On his Facebook account, Drakakhrust juxtaposed two pronouncements. The first was by Putin from his July 1 online speech for participants of the Grodno-based forum of Russian and Belarusian regions: “Unprecedented political and sanctions-related pressure from the so-called collective West is pushing us to speed up the unification processes.” The second was the June 21 pronouncement of Putin’s press secretary, Dmitry Peskov, regarding the canceled referendum in South Ossetia: “The question was raised there about unification; that is how it was worded. This is a legally problematic issue that should be rectified. That is, Russia cannot unite with anyone” (Facebook.com/Yury.Drakakhrust, July 3). Advocacy for unification in one case and denial of that same phenomenon in the other come across as intensely ominous to the Belarusian ear.
Indeed, it is not by accident that Lukashenka delivered the first 600 words of his 5,000-word July 3 speech devoted to Belarus’s Independence Day in Belarusian, something he seldom does. Not only that, he also referred to the Grand Duchy of Lithuania as “the first Belarusian state” (President.gov.by, July 2), part and parcel of the historical narrative supported by Belarusian Westernizers (today’s opposition). The Grand Duchy of Lithuania is usually juxtaposed with the pro-Russian narrative whereby Belarus is simply seen as one prong in the three-pronged community encompassing the ancestors of Russians, Ukrainians, and Belarusians. That means, even today, muted expressions of some form of distancing from Moscow continues to be a significant issue for Minsk.
Meanwhile, leaders of the exiled opposition also think in terms of consolidation around the flag, not the official national flag but rather the white-red-white one used recently in protest. They set out to achieve this back in March by encouraging international recognition of Belarus as a temporarily occupied country, in which Lukashenka is portrayed as a tool of the Russian occupiers (Belsat, March 23). Several justifications were provided. Based on surveys, Belarusians en masse do not support the Ukraine war, and yet, the country’s land is being used by the Russian invaders. Belarusians therefore should not bear any responsibility for the war. The so-called rail-track war within Belarus (see EDM, April 12) and the Kalinovsky platoon fighting on the Ukrainian side may also be construed as indicators that Belarus itself is occupied.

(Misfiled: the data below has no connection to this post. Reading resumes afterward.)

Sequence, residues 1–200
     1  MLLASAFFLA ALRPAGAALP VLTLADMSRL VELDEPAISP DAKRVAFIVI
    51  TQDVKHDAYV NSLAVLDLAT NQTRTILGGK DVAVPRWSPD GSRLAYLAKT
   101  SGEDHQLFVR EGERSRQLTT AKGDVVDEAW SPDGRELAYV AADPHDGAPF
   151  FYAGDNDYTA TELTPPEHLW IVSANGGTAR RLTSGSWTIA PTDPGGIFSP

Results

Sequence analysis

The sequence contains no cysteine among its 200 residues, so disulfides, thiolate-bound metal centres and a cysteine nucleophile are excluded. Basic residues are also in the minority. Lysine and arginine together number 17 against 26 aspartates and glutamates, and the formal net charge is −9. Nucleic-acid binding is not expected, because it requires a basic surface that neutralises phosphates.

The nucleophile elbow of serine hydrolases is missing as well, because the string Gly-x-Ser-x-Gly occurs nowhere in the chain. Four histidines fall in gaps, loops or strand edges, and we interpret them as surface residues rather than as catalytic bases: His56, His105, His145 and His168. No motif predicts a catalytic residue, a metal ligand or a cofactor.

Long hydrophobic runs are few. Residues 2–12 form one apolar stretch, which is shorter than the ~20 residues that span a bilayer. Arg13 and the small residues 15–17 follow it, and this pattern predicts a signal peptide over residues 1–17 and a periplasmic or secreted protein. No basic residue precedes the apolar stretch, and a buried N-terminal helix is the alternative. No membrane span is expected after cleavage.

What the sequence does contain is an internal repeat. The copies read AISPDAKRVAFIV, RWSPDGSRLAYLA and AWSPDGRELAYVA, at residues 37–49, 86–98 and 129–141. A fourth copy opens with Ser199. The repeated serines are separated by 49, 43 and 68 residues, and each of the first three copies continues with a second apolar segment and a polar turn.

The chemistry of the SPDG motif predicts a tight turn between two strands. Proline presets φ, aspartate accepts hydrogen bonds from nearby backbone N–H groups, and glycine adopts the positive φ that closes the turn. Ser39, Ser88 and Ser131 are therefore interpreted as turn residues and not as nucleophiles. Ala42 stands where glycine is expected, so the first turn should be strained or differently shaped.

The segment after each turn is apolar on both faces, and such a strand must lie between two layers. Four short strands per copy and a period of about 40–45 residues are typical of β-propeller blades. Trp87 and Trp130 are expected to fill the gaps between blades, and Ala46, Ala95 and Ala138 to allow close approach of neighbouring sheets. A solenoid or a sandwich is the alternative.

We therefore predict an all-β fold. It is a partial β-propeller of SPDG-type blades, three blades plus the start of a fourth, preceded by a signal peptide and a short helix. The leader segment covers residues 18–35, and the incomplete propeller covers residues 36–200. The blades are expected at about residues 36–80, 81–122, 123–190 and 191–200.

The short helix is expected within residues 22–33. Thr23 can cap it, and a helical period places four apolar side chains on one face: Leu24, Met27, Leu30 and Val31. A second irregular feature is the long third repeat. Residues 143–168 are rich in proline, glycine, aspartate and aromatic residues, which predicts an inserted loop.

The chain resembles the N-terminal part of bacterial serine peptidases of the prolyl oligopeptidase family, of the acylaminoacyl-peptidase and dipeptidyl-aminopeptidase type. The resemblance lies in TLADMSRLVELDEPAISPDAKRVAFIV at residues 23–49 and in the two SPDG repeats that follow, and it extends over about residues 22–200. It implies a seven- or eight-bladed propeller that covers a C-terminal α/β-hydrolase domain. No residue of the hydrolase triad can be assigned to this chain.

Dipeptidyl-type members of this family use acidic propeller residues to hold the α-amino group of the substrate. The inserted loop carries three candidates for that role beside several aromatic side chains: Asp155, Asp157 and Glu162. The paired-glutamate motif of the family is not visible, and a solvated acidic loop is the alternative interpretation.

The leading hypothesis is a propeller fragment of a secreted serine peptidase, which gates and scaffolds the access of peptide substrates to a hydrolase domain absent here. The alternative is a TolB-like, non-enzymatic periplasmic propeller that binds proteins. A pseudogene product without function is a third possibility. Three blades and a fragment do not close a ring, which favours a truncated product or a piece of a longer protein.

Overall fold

With all this in mind, Svetlana Tikhanovskaya and Pavel Latushko announced their plans to convene the “congress of Belarusians” abroad and declare the formation of the national liberation movement (Svaboda.org, July 5). Not everyone in the opposition supports such a course of action, and so far, not a single Western country has severed diplomatic relations with Minsk. Yet, that may change if the Belarusian army enters the war, which still remains to be seen. Furthermore, the case can easily be made that Belarusians are simply divided, and therefore, Lukashenka himself and his regime are no less Belarusian than the exiled opposition leaders. While portrayed domestically as intolerable, surveys conducted by the Belarusian opposition itself are replete with evidence corroborating this conclusion.